This makes getting blends slightly easier on this brush compared to the other brushes that we are testing. Also, that circular crown allows for backflow mixing without any kind of fuss. But one thing I noticed when I was using the Iwata HP CS that it seemed like the air pressure was always higher than on the other brushes. Even when I turned it down way low. So that kind of gave me an idea for a test. I took each airbrush, I took their needle guards off and I blew full pressure into a microphone at the same distance and whatever one is louder is passing more air pressure and it looks like the two badgers are pretty much the same amount of air pressure at about minus 15 DB. And both the evolution and the Iwata HP CS are tied at around minus 21 DB. So those two are blowing more air pressure at the same PSI with different airbrushes.
So this isn’t necessarily a problem, but it means that you’ll need to turn down the pressure even more when you’re moving in closer for those nice accurate strokes. Additionally, the Iwata does have that little cutaway section to remove the needle, but you can’t remove the needle, wants you all to take the back cap off. And this is kind of annoying, but a lot of water users will oftentimes airbrush with that back off entirely to make getting the needle really easy. But that’s kind of awkward to hold. So it’s kind of a demerit on the airbrush. Finally the evolution, it turns out that you can actually in fact control the air pressure with the depressing of the button, which is pretty fricking sweet if not for the fact that also so much paint comes out with the slightest pull of the trigger far more than the other three.
It is really, really sensitive if this airbrush had a depth stop to kind of control that like the so tar has and also like more expensive, harder and steamed back airbrushes have at actually probably use it because there were so many times when I applied way too much paint to the space. Maybe because I was just pulling it back just a little bit too far. Also because its airbrush has an interchangeable cup, it has this long sloping neck to it which makes painting and also mixing paint in the cup a little bit harder because the majority of the paint deposits into that little narrow canal at the bottom. It also doesn’t have an accessible needle like the Badger airbrush, but this isn’t that big of a deal because the front element comes off so easily which allows for cleaning of the needle. But if I’m being honest, I’d prefer to take the needle out and clean that versus taking the front element out and having to deal with lots of small little tiny bits.
I feel like I’m more prone to lose that than I am to lose a long needle. Lastly, I want to address the special trigger on here from cult of paints with the one six the fluid ounce pot on this airbrush and the angle of it. I feel like my finger is a little bit too close to the paint pot. Often found myself kind of clawing at the trigger as opposed to putting my finger on top of the pad of the trigger and that just made this issue even worse. Also, it seems like with the orientation of the trigger, their intention was that your finger would come straight down the barrel of the airbrush and rest on the trigger in that nice little curve. Whereas in reality your finger is coming from the side of the airbrush, so it seems like you would have made a little more sense to rotate the trigger about 10 or 15 degrees to accommodate for that fact.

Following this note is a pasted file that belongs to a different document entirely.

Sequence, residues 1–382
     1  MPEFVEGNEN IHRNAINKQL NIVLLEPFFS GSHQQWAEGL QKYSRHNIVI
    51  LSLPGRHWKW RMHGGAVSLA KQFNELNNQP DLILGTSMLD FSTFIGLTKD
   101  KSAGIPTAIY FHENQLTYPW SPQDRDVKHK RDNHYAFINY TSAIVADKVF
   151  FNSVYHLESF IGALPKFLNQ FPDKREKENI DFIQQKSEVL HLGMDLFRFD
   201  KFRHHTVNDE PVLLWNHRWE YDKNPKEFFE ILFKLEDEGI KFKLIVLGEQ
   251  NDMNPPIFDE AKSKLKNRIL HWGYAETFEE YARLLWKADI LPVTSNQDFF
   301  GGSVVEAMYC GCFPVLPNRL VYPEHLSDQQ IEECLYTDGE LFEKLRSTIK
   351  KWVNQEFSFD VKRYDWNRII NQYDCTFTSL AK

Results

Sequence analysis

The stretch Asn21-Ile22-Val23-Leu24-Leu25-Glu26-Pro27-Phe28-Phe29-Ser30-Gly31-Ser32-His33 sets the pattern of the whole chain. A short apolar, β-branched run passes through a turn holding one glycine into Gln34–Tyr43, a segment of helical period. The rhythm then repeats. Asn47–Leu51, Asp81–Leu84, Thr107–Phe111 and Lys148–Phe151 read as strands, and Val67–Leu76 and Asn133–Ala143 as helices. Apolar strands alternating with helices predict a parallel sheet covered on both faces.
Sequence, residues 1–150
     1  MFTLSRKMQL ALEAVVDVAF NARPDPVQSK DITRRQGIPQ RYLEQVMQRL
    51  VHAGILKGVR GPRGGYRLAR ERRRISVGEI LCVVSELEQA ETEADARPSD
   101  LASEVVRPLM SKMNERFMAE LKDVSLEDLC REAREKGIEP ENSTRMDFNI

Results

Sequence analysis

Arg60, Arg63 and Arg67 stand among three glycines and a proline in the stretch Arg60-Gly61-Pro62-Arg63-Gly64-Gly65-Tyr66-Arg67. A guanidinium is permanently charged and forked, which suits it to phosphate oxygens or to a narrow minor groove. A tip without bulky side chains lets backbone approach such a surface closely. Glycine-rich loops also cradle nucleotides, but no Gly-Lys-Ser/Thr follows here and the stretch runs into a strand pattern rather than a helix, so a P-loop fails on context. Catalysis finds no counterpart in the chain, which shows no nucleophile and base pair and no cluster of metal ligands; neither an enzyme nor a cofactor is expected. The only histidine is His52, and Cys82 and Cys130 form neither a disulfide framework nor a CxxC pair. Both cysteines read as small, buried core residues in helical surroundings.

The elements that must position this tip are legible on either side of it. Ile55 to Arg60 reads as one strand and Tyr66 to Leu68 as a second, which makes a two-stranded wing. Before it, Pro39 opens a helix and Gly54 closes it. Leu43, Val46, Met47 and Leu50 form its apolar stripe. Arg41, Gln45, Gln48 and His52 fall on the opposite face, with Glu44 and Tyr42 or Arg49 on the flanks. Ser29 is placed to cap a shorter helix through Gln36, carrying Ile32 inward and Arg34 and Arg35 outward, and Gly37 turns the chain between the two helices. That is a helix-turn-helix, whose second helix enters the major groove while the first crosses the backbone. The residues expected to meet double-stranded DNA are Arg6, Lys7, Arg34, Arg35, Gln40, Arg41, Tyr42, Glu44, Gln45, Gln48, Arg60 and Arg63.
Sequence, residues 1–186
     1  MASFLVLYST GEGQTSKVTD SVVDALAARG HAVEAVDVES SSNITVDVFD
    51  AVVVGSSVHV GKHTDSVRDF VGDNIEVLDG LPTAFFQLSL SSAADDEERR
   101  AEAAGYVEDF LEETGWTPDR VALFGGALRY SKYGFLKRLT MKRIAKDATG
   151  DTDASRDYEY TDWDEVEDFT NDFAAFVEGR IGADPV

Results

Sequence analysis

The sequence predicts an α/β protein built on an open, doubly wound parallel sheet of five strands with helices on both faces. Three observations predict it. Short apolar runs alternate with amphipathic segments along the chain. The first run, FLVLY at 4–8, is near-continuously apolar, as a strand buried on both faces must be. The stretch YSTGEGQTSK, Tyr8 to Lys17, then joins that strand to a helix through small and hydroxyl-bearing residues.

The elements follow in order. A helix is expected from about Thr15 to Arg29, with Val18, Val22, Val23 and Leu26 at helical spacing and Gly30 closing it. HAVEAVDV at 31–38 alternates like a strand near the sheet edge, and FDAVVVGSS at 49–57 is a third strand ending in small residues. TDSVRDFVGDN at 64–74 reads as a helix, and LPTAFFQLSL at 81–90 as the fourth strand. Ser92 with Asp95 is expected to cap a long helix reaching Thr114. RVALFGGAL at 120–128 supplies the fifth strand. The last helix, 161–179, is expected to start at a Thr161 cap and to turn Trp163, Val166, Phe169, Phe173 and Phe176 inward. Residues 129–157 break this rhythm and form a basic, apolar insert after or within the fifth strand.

Make it a little bit more ergonomic, but your mileage may vary. So which of these airbrushes is the best airbrush? Well, I’ll start by saying two things. One, I had problems with every single one of these airbrushes and none of them are perfect and two, you can get phenomenal results with all of these airbrushes. It’s not like one is going to make you a better airbrush rather than the other [inaudible] Scott get to the results. Yeah, you nerd. That being said, if you were to pick one airbrush that had the best results out of all of the four I would say was probably the Iwata H P CS. It has the best atomization of paint. The needle size allows for good coverage. Also really nice accuracy I’ll be at at kind of an expensive price at less than half the price. You can buy a Badger Patriot 105 and if you don’t have an airbrush and you’re looking to kind of dip your toes into the airbrush world, I wouldn’t hesitate a second to recommend this airbrush and who knows?
You can get the 0.35 millimeter conversion had for the Patriot. Maybe it acts similar to the Iwata HP CS. If you already own a Patria and you’re looking for kind of a cheaper entry into the world of more accurate airbrushes the, so tar is a phenomenal airbrush and I’ve used it for the last two years and it’s, it’s great. I would recommend that one to you. Now I want to recommend the evolution to people who want the ultimate control, but there’s that sticking issue of if I pull a trigger back slightly, so much paint comes out and I kind of talked to other evolution owners to kind of see if they also experienced the same thing and they confirmed my issue. But it is fricking sweet that you can actually control the air pressure with the trigger. You don’t have to keep going back to your compressor to turn it up and turn down.